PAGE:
First Nations school gets new gym, classrooms 

Twenty-five years ago Leonard Andrew, the young chief of the Mount Currie Band, strolled through a dense forest close to the Lillooet Lake Road.

He didn’t have a specific vision for the future of this area but he could sense the potential for something great.

Now a quarter of a century later that forest has been transformed into a bustling community of 700 people, about half the population of the Mount Currie band. At the heart of this community lies the Xit’olacw Community School.

Last Friday Andrew, who was chief in the ’80s and was recently re-elected chief again, cut the ceremonial ribbon proclaiming the official opening of the school’s expansion. It seemed that some of those long-ago visions, dreamed up in a stroll through the woods, were now fulfilled.

"It’s a very proud moment," he said while on a tour of the new wing of classrooms looking out over imposing snow-capped peaks.

"It’s what we’ve been striving for – the education of our future."

In addition to the new wing, the expansion also includes a full-size gymnasium for the students and community members. The school can now accommodate up to 342 students from nursery school to Grade 12, as well as day-care and adult education.

On Friday, May 30 the community celebrated the official grand opening of the school’s expansion.

Hand drummers and the Iswalh Dancers lent an air of solemnity to the ceremony, which was held in the new gym.

"Be proud of it," said Andrew to the students and parents in the gym.

"Make good use of it because it’s a learning centre for our children."

For years education has been given a top priority in this First Nations band just north of Pemberton.

The first school, run by the Lil’wat community, opened in Mount Currie 30 years ago.

That school was active until the Xit’olacw Community School first opened its doors in 1987, at which time all the students transferred to the new school.

Set against the backdrop of mountains and forest, the school is central to the Xit’olacw community.

MP Stephen Owen, Secretary of State Western Economic Division and Indian Affairs and Northern Development, who was on hand at the official opening, praised community members and parents for making education a focal point for the Mount Currie Band.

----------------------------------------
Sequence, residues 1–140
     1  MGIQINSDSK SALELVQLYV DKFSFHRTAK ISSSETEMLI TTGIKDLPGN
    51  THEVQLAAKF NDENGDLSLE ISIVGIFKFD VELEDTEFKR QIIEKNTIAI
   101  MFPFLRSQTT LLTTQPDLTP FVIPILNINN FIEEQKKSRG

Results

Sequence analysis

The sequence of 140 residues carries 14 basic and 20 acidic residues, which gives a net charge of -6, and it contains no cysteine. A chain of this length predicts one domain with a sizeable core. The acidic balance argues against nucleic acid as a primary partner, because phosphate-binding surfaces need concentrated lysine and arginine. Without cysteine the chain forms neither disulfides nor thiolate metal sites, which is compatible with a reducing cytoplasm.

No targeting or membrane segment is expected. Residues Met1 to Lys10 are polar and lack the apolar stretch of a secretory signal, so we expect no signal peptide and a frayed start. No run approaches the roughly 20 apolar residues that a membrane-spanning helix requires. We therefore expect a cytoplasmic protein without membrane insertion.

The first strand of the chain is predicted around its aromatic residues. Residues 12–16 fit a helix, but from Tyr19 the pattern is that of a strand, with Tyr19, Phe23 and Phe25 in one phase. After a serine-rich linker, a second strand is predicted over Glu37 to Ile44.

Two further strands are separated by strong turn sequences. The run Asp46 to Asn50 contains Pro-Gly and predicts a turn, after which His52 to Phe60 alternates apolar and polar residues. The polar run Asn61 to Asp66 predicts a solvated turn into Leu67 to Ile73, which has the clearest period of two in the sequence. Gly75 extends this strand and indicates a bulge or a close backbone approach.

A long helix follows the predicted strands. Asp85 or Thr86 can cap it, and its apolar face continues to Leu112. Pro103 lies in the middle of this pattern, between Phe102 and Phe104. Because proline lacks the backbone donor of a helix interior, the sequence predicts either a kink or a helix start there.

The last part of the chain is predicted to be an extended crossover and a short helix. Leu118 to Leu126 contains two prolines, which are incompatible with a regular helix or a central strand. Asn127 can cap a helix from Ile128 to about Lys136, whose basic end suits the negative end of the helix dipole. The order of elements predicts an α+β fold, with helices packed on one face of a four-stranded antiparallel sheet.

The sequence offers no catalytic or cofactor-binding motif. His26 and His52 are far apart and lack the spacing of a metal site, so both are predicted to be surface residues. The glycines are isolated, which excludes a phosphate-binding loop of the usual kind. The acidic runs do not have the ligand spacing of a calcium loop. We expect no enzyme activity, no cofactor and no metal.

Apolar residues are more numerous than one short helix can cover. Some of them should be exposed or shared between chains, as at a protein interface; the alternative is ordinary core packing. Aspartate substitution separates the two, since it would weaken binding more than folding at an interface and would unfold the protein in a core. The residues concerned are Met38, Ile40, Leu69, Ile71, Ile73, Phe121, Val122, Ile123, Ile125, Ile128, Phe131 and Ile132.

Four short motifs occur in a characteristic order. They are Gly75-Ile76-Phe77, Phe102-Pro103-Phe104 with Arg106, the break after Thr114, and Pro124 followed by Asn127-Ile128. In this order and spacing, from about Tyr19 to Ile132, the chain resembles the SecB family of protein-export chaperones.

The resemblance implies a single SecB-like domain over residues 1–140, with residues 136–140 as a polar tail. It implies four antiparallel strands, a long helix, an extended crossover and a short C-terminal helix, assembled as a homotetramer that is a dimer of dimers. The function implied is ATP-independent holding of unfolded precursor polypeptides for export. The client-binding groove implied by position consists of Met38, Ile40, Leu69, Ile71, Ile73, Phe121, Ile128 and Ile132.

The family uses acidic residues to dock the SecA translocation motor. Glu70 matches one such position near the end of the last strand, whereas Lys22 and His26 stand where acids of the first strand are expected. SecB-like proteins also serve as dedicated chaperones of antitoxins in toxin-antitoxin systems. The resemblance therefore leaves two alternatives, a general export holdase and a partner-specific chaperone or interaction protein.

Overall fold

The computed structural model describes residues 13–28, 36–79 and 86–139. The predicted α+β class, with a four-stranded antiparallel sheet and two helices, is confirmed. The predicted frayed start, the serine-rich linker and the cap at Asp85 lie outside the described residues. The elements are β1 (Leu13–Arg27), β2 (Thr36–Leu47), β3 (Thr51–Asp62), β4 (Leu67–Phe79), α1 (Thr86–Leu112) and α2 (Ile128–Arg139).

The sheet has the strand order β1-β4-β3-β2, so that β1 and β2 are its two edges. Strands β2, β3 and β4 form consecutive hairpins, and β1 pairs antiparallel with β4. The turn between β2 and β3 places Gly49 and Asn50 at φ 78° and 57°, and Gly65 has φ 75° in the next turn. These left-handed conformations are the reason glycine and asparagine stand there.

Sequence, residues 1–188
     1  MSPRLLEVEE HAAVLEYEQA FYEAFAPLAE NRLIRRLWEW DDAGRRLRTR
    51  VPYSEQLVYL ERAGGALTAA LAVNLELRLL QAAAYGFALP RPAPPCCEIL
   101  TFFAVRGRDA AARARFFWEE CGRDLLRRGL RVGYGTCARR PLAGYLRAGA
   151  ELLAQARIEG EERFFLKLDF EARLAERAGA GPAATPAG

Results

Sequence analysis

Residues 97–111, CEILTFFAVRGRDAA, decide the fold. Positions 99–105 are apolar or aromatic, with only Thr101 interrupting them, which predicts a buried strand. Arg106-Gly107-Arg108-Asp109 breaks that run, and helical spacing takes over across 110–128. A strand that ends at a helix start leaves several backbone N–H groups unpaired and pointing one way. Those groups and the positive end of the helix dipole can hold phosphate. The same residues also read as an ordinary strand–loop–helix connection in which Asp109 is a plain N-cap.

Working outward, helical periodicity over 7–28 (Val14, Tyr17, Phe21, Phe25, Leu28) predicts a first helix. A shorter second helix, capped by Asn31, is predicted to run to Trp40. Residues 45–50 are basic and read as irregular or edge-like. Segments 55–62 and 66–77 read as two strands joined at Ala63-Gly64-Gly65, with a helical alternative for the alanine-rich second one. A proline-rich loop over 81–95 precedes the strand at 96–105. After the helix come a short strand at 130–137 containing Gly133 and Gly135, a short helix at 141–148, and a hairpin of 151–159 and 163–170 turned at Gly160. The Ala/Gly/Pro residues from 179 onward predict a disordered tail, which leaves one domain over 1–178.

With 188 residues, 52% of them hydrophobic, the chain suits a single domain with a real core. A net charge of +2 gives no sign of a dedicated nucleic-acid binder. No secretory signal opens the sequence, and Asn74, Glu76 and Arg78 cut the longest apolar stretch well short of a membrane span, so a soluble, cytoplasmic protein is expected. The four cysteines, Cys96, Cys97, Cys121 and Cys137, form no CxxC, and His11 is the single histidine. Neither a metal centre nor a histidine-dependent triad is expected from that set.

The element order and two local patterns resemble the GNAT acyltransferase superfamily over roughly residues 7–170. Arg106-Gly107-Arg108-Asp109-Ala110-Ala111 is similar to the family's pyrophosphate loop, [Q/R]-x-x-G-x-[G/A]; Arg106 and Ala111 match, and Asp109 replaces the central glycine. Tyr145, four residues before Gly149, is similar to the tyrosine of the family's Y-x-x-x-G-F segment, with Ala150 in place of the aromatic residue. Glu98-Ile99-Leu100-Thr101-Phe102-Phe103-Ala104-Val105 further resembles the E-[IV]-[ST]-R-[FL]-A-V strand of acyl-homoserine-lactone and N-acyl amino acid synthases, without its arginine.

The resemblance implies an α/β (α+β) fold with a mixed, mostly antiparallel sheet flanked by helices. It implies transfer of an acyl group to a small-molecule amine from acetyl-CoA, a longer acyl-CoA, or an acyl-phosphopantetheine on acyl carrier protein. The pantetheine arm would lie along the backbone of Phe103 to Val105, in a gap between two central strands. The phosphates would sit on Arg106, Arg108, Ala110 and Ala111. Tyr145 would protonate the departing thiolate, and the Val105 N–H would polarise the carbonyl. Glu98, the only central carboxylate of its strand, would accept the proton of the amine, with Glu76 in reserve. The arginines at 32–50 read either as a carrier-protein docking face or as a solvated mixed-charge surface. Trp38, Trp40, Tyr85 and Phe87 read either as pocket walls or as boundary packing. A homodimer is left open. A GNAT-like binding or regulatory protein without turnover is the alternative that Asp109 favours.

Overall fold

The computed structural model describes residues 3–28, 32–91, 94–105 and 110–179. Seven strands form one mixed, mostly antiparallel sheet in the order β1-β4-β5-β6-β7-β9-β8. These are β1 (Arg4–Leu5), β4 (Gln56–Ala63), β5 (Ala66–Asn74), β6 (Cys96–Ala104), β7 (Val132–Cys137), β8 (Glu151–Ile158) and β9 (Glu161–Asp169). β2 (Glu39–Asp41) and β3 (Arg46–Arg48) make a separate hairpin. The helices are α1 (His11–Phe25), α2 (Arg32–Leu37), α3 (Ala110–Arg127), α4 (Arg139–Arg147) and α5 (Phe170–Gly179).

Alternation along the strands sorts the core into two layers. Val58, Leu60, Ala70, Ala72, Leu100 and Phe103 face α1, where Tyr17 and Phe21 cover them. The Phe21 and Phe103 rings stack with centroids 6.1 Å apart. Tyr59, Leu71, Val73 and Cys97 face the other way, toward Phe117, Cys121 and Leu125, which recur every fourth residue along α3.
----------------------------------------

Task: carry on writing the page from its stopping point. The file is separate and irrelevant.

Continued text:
"The school is absolutely central to any community," he said.

Calling the area one of the most beautiful places on earth, Owen said that the school "comes as close as anything could to equalling the promise of the valley."

He encouraged the students to strive forward and achieve their goals, particularly by looking to the role models in their own community.

"There’s nothing that can’t be accomplished with a good education," he said, pointing to Mount Currie band member Lorna Williams who is now the director of the Aboriginal Education Enhancement Branch with the Ministry of Education.

Before Friday’s ceremony began, Andrew took a few people aside and pointed to a picture hanging at the school’s entrance. The black and white shot, showing a younger version of the chief, was snapped when the school first opened its doors in 1987.

For the past 25 years, Andrew has served the Mount Currie Band as the operations manager. He will now be retiring from that position to assume his full time role as Chief again.

Andrew was honoured at Friday’s ceremony for his dedication to the community.

Engineers Gordon Leidal and Frank Belfry, who were instrumental in helping Andrew realize the dream in Xit’olacw, honoured the Chief for his work and dedication.

Every time the residents turn on the water in their taps "it’s because Leonard has made that happen," said Belfry.

But the chief was modest about his accomplishments and the praise from his colleagues.

"It was made easy by the people’s mandate," he said.

"I think the key to it all was ‘don’t take no for an answer.’"

Looking to the future, Andrew said the community is hoping to turn the temporary post-secondary college into a more permanent fixture, in addition to building a teacher’s residence.

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